After the 1926 season, Leonard then tried to exact revenge on Cobb and Cleveland Indians manager Tris Speaker, whom he considered to have been responsible for running him out of baseball, by stating that they had conspired to throw a game on September 24, 1919. Speaker's Cleveland team had second place locked at that point, and the Tigers were trying to win third place money (there was no fourth place money). A fixed game could give the Tigers third. Joe Wood, Speaker's long-time teammate and roommate, was also supposedly involved in the fix. Leonard came forward with letters regarding the issue, which contained non-specific references to bets having been placed on a game. American League President Ban Johnson took the allegations very seriously, and immediately informed the two managers that they should resign their positions. However, Commissioner Kenesaw Mountain Landis decided to investigate the allegations further, and when Leonard refused to come to his office in Chicago, IL to back up his allegations, Landis cleared both Cobb and Speaker. As they had been released by that point, both signed with new teams for the 1927 season, Cobb with the Philadelphia Athletics and Speaker with the Washington Senators. The confrontation between Johnson and Landis would mark the beginning of the end for Johnson; he would be stripped of his powers by American League owners in July of 1927.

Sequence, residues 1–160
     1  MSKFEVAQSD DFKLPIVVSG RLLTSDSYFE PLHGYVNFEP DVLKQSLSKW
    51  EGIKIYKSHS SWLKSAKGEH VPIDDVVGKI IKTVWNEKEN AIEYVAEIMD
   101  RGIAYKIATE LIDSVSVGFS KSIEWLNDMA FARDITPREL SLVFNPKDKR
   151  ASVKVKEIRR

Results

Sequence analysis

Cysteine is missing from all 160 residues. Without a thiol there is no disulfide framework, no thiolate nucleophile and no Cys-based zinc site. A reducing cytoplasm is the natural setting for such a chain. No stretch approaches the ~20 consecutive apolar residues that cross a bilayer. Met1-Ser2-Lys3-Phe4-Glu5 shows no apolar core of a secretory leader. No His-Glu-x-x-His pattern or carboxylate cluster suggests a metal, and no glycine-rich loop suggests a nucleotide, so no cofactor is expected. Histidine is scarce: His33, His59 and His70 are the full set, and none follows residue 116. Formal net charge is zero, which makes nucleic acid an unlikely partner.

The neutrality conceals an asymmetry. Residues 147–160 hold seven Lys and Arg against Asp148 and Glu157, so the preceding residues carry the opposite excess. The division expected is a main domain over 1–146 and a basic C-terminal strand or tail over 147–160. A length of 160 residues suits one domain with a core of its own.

Leonard did extremely well for himself after baseball. He became a very successful California vineyardist, vintner and wine packer. He was also an expert left-handed golfer. Leonard died at age 60 from complications of a stroke suffered three days earlier and is buried at Mountain View Cemetery in Fresno, CA. His estate at the time of his death was worth $ 2.1 million.